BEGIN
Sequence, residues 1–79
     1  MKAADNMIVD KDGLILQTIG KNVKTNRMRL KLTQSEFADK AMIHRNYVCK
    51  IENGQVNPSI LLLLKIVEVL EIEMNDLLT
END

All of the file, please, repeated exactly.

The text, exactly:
Sequence, residues 1–79
     1  MKAADNMIVD KDGLILQTIG KNVKTNRMRL KLTQSEFADK AMIHRNYVCK
    51  IENGQVNPSI LLLLKIVEVL EIEMNDLLT